In a troubling and potentially short-sighted June 2007 decision, the United States Supreme Court held that school systems violated the Equal Protection clause when they considered race in assigning students to public schools to achieve desegregation. At issue in the two consolidated cases, Parents Involved in Community Schools v. Seattle School District No. 1 and Meredith v. Jefferson County Board of Education, was the continued authority of local school districts to take voluntary action to reduce racial segregation and isolation in their schools.
In 2006, MALDEF filed an amicus brief in the case on behalf of 16 national and local Latino organizations. MALDEF urged the Court to find that voluntary programs that combat segregation and promote racial diversity in K-12 schools are consistent with the Fourteenth Amendment and advance its goals of racial tolerance and equality.
Following the Court’s decision MALDEF participated in strategy sessions in response to the anti-affirmative action ruling. A group of experienced litigators and education experts developed new and creative policy, litigation, regional planning, community education, and media-related strategies aimed at ameliorating segregation within the parameters set out by the Supreme Court.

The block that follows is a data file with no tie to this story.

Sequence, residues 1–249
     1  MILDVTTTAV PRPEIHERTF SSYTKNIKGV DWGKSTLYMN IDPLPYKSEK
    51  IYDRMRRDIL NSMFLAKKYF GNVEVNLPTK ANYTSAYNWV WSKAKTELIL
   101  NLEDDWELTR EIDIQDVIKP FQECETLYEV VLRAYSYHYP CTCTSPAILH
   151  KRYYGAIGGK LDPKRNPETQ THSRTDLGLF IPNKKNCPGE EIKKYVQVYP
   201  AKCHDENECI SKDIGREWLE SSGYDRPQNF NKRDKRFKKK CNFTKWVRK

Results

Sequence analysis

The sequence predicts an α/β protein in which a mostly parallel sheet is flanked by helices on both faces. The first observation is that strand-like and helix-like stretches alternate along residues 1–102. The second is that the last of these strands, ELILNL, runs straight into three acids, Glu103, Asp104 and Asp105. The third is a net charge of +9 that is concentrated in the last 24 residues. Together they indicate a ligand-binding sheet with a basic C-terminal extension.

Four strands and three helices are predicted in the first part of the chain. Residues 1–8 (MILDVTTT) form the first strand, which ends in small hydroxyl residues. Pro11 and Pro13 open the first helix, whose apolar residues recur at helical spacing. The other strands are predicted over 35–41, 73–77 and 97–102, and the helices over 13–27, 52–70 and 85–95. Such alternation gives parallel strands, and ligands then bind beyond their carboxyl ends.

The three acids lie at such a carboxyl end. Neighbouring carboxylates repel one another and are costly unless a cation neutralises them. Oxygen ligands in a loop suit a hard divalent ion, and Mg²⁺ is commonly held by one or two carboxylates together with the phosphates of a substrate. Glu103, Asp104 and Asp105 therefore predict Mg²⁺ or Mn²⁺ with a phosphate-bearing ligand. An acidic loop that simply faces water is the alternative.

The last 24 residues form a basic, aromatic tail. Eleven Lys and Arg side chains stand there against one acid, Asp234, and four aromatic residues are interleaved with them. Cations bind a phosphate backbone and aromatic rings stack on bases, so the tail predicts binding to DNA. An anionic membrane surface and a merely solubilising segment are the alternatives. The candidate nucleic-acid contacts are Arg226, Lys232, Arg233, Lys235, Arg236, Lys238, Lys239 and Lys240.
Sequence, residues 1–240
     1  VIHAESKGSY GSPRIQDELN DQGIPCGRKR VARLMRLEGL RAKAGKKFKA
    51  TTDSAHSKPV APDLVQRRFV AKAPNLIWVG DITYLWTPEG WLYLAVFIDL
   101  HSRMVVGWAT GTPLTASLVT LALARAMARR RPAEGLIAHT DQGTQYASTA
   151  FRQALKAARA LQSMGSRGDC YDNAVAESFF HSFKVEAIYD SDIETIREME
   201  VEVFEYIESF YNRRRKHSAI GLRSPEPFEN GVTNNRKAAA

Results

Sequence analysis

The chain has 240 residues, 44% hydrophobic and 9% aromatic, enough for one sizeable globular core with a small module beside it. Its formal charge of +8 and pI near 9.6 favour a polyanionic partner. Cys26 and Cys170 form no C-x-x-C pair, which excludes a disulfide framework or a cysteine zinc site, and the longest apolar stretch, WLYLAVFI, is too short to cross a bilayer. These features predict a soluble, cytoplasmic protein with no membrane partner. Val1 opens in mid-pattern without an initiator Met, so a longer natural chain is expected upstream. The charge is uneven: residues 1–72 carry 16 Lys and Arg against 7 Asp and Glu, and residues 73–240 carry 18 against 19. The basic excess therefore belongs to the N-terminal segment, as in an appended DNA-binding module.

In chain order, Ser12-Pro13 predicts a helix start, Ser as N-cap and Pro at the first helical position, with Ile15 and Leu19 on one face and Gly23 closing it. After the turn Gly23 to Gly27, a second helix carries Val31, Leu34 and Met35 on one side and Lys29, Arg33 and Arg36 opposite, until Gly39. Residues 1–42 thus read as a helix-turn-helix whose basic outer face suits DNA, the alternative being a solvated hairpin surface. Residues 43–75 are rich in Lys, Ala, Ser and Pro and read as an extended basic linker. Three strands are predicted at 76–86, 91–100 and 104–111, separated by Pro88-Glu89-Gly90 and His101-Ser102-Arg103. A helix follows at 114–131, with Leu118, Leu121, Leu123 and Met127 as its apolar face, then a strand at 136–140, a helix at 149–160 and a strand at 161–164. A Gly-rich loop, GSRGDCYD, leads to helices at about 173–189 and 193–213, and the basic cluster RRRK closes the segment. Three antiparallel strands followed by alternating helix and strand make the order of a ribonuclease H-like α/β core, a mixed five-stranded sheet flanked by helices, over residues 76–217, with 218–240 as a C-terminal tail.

MALDEF recently worked with the UCLA Civil Rights Project to develop and publish “Preserving Integration Options for Latino Children: A Manual for Educators, Civil Rights Leaders, and the Community.” (PDF) This integration manual for Latino school board members, parents, and community activists empowers them to protect and promote diversity and avoid racial isolation in their school districts consistent with the Supreme Court’s ruling.